Equity release is a way of releasing wealth tied up in your house without having to sell it and move to another home.
Releasing equity from your house without making payments is usually done through a lifetime mortgage. The amount you can borrow against your property depends on your age and the value of your property. Just like a conventional mortgage the home still belongs to you and the loan can be paid off at any time during your life. Although you need to be aware that there could be penalties, if for example you just want to pay off the loan because you have had an inheritance. This is because some loans have potential penalties throughout the life of the loan, whereas others have no penalties after say ten years with your lender. Penalties typically do not apply if you are moving house and still fit the criteria, or if you have to either move into care or die. Also if the property is in joint names and one homeowner has to go into care or dies, the other party can remain in the house until they have to leave.
Most lifetime loans are conducted on a fixed rate basis with the interest rolling up over your lifetime, with the loans being paid off when you are gone. Lenders give you the guarantee that you will never have to pay more than the sale price of the property to them, even if you owe more than the value of the property. In addition some lenders have schemes that guarantee some equity for the family if this is needed.
Other bells and whistles that apply to lifetime mortgages include lending more to people with lower than average life expectancy, and also some allow the borrowers to pay some or all of the interest payments to keep the debt down. One big breakthrough has been made by lenders who allow you to take a smaller amount at outset and then drawdown further amounts as required.
The benefit of this scheme is that since you only pay interest on the amount you have taken the overall cost can be quite a lot lower.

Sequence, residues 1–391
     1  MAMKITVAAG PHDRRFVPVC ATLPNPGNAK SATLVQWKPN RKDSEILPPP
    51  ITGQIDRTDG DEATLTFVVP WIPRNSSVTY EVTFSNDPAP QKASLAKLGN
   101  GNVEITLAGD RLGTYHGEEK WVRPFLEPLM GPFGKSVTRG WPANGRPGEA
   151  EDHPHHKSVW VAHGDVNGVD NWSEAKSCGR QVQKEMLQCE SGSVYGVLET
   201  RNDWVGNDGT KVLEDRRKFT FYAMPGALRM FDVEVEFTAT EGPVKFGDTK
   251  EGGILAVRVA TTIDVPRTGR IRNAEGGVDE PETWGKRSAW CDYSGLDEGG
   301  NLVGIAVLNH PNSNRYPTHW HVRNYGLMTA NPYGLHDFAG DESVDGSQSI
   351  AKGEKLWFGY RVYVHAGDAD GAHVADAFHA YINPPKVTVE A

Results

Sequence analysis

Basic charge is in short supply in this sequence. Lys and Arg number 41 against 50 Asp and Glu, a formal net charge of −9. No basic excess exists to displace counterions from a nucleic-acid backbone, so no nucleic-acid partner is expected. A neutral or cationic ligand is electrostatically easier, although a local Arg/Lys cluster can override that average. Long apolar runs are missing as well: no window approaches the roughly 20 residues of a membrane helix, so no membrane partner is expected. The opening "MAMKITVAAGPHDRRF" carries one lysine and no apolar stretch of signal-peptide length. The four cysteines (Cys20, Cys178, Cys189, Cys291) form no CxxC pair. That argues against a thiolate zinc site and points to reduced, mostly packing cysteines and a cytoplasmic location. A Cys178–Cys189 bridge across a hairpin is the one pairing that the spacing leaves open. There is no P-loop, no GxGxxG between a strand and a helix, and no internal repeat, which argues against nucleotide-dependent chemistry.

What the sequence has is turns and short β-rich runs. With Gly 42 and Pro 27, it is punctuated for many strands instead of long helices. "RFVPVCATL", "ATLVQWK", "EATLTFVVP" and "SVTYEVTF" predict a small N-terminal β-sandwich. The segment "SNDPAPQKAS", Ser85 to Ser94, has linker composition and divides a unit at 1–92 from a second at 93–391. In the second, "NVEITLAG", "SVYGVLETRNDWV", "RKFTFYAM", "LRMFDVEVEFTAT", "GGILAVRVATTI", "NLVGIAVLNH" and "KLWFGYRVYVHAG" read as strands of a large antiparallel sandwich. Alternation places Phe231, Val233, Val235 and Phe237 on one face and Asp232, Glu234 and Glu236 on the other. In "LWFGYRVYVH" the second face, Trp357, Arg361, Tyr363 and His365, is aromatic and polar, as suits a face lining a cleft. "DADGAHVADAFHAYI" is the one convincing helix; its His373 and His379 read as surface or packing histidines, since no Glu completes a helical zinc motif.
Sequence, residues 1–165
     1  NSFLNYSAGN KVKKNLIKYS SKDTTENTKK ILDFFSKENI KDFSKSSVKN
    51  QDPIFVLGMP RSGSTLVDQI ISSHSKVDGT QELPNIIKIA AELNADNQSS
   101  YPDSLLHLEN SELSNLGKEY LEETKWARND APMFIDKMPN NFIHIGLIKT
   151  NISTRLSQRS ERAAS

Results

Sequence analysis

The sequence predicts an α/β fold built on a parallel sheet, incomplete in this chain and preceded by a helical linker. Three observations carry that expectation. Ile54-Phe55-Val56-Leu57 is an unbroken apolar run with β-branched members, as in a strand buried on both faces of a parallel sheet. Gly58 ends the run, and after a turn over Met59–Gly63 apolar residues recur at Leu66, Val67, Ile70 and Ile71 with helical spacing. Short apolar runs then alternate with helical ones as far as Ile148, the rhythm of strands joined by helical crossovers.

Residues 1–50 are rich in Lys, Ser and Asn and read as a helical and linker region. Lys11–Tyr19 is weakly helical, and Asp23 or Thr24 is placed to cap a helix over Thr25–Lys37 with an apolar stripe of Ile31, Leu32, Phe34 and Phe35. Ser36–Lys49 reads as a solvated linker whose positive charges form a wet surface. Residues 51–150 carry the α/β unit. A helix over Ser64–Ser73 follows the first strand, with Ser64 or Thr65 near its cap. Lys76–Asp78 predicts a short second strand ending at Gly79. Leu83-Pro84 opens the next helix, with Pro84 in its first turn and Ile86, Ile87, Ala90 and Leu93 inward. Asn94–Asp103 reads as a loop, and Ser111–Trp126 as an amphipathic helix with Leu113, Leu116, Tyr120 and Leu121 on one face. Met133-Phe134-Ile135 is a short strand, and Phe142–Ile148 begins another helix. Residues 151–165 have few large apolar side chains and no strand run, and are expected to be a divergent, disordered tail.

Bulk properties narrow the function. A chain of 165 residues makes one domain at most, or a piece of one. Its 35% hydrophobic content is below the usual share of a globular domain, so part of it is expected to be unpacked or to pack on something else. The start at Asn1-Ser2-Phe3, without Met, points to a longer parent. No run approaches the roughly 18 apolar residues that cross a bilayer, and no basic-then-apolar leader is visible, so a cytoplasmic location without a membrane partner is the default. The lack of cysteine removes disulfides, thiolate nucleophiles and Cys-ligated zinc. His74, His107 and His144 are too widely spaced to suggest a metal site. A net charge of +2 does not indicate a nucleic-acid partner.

During the months, April to June 2015, equity release borrowing has soared to record levels, so it is perhaps surprising that such a successful innovative area of finance in recent days has come in for very heavy criticism. Andrew Castle (the tennis player) has been complaining through press articles about how he believes his parents in law lost out heavily by taking out a lifetime mortgage. Unfortunately his parents in law were unable to claim successfully through the ombudsman service as all the charges were outlined in the paperwork. I think it is possible that buyer regret has set in here, and although they had equity released to them, they probably feel that retrospectively what they gained from having the money was not worth it given the interest rates charged. It has to be acknowledged that interest rates when put beside standard mortgage rates can be seen to be high with rates generally between 5 & 6% per annum. However when one considers that these rates are fixed for your lifetime and you know exactly how much you owe at the end of each year, I consider they are reasonably fair. I believe that the Castle incident illustrates the need to have long hard discussions with your Independent Financial Adviser, and if you wish with your family to ensure that if you decide to go for a lifetime mortgage, it is the right course of action having dismissed other potential options.